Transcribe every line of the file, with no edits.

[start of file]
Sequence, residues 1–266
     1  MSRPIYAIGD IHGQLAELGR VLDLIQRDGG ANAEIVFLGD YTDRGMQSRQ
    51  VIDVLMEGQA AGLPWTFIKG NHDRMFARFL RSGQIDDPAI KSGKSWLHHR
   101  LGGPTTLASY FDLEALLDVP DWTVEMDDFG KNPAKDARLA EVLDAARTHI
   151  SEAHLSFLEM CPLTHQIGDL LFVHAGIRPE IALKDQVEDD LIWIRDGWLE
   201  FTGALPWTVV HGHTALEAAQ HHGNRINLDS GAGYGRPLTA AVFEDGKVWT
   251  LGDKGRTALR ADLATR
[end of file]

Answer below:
Sequence, residues 1–266
     1  MSRPIYAIGD IHGQLAELGR VLDLIQRDGG ANAEIVFLGD YTDRGMQSRQ
    51  VIDVLMEGQA AGLPWTFIKG NHDRMFARFL RSGQIDDPAI KSGKSWLHHR
   101  LGGPTTLASY FDLEALLDVP DWTVEMDDFG KNPAKDARLA EVLDAARTHI
   151  SEAHLSFLEM CPLTHQIGDL LFVHAGIRPE IALKDQVEDD LIWIRDGWLE
   201  FTGALPWTVV HGHTALEAAQ HHGNRINLDS GAGYGRPLTA AVFEDGKVWT
   251  LGDKGRTALR ADLATR